The goal of this project is to develop a low-cost and easily scalable natural gas decarbonization process to form nanoparticles and nanofibers (CNFs) to be used as a structural additive in concrete. The project will focus on the synthesis of the carbon nanoproducts through chemical vapor deposition, and on the impact of these fibers to the durability of the concrete. The process is conceptualized to be modular/mobile for manufacture on a skid with easy transport between gas wells and high turndown ratio to handle production rate changes.
University of Colorado – Boulder, CO 80309
Natural gas production in the United States has risen dramatically due to the “shale boom” and wide implementation of hydraulic fracturing. This increased production drove down prices of natural gas and, as a result, increased flare volumes significantly due to high transportation costs. Producers of oil are increasingly choosing to either flare or vent associated gas rather than sell it. Many wells are either too far from existing gas pipelines or only have access to pipelines already at takeaway capacity. Building pipeline infrastructure is often seen as the best solution to the gas flaring dilemma. However, if the decision were made to invest in pipelines, it would take years or even decades to complete construction. A profitable alternative to this waste of natural resources is needed. Natural gas decarbonization to value-added carbon nanoproducts, such as for cement additives, using low-value methane resources appeals to the oil and gas industry now as a means of utilizing this stranded resource. Because the fluidized bed reactor (FBR) units will be able to be removed and transported easily, the chemical vapor deposition (CVD) process they use will be ideally suited for operation at a single well.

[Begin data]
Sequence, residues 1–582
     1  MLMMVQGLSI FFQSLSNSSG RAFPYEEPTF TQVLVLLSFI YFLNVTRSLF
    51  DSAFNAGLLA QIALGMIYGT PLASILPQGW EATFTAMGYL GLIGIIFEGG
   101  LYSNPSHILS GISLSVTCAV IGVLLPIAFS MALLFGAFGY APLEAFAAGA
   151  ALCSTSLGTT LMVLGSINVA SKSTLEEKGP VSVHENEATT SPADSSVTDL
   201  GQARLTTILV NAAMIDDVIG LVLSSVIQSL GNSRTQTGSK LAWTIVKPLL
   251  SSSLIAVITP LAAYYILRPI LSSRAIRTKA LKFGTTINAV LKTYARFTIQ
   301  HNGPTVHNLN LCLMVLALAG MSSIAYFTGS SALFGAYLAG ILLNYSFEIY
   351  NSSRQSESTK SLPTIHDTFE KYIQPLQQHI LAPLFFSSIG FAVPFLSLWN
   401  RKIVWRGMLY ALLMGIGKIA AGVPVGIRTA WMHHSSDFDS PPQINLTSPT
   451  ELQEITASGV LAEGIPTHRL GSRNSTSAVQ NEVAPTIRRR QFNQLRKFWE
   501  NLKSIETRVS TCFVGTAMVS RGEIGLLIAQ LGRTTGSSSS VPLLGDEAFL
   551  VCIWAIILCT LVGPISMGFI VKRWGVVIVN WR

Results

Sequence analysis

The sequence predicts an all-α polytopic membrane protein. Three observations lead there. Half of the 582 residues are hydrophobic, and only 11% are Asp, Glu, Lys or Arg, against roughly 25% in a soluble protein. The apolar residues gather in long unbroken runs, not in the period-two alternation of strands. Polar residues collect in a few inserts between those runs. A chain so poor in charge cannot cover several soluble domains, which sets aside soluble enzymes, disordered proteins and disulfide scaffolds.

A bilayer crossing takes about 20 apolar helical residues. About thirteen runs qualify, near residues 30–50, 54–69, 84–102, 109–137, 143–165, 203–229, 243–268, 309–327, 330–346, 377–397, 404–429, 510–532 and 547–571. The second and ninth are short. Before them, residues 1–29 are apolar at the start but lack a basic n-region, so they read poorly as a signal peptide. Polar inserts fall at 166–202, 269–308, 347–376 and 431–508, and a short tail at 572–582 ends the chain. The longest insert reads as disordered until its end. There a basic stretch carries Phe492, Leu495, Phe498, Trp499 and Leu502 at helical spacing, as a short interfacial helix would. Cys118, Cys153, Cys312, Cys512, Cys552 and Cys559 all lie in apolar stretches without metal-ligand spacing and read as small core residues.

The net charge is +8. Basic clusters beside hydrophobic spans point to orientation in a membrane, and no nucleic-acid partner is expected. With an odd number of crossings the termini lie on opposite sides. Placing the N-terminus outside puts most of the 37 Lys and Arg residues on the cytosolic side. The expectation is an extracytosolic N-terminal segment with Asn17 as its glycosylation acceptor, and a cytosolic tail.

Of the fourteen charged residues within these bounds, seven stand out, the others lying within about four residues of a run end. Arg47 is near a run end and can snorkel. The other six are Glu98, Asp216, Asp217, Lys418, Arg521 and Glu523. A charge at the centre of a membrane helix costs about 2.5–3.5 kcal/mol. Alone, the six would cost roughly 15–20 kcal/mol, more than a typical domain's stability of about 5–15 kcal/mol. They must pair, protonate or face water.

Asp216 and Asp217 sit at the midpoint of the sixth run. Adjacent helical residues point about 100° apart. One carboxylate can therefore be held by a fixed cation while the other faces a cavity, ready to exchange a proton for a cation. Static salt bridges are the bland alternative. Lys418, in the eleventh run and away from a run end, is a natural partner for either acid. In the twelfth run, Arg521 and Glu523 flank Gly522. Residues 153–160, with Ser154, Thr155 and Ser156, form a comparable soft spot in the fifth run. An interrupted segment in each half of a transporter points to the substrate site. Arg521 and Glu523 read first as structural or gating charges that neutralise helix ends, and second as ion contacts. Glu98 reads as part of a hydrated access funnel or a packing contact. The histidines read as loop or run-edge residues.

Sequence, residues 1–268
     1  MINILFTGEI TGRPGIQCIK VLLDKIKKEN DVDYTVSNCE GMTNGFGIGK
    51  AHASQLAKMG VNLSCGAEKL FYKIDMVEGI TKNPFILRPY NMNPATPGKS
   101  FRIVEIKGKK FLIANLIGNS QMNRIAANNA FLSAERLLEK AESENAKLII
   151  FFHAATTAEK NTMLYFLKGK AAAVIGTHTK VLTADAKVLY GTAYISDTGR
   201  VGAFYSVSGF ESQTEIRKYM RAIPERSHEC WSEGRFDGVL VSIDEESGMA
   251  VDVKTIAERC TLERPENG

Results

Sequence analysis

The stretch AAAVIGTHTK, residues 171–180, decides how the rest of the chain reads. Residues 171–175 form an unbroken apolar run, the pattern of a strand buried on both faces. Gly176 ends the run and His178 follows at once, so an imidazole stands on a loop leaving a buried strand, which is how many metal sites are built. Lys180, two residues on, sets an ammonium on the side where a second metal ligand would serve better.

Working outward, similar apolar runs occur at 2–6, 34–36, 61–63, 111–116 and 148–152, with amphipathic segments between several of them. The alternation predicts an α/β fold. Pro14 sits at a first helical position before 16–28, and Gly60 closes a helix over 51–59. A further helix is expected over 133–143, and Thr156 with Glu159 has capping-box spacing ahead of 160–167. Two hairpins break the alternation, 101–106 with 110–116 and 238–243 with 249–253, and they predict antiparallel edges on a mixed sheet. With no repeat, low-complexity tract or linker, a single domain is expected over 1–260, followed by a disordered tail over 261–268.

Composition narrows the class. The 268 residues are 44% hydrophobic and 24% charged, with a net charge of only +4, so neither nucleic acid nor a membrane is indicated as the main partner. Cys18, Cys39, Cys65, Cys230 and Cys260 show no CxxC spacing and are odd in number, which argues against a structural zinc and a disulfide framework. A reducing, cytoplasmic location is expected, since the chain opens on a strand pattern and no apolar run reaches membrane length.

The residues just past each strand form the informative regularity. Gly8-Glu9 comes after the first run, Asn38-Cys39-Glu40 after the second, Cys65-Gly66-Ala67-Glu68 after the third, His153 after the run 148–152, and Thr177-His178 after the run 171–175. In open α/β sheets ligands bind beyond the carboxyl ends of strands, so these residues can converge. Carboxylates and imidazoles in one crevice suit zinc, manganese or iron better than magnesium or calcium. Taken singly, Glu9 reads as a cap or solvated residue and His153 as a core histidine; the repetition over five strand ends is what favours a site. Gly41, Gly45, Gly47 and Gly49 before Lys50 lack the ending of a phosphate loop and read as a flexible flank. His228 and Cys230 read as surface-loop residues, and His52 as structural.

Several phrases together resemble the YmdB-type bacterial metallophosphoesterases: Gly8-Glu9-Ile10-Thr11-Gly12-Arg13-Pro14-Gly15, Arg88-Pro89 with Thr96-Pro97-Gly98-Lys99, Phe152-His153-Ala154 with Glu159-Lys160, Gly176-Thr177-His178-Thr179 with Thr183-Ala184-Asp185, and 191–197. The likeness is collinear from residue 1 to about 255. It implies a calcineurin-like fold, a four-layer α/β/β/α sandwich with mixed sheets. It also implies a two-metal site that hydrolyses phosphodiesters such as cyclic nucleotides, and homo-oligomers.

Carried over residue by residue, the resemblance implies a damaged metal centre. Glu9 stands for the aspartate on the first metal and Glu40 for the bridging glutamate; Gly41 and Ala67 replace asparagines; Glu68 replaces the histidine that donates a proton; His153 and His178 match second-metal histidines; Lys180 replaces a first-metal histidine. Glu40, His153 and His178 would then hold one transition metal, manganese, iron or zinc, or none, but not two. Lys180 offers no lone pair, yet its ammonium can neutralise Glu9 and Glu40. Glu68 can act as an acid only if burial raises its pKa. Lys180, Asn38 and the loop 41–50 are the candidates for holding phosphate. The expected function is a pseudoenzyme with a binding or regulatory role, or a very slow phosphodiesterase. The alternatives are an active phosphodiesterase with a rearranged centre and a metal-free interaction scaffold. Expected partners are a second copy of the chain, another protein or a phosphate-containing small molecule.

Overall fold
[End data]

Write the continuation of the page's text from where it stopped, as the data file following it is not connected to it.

Domestically produced carbon nanoproducts from NG is an attractive solution to our nation’s economic, environmental, and energy concerns. This proposed research project focuses on NG decarbonization for flare gas reduction through conversion to carbon nanoproducts. The research and development in this project will result in a mobile unit which provides a high-quality carbon nanoproduct that addresses current challenges faced by flare gas processing in remote areas. The carbon nanoproducts provide value to the concrete industry for their ability to mitigate cracking and improve infrastructure lifetimes. Current costs for ultra-high-performance concrete make it a novelty product, this innovation in chemical engineering will enable durable concrete infrastructure and allow for the growth of carbon fiber reinforced products in additive manufacturing applications. Research developments in the processing approach will also enable larger-scale centralized gas decarbonization.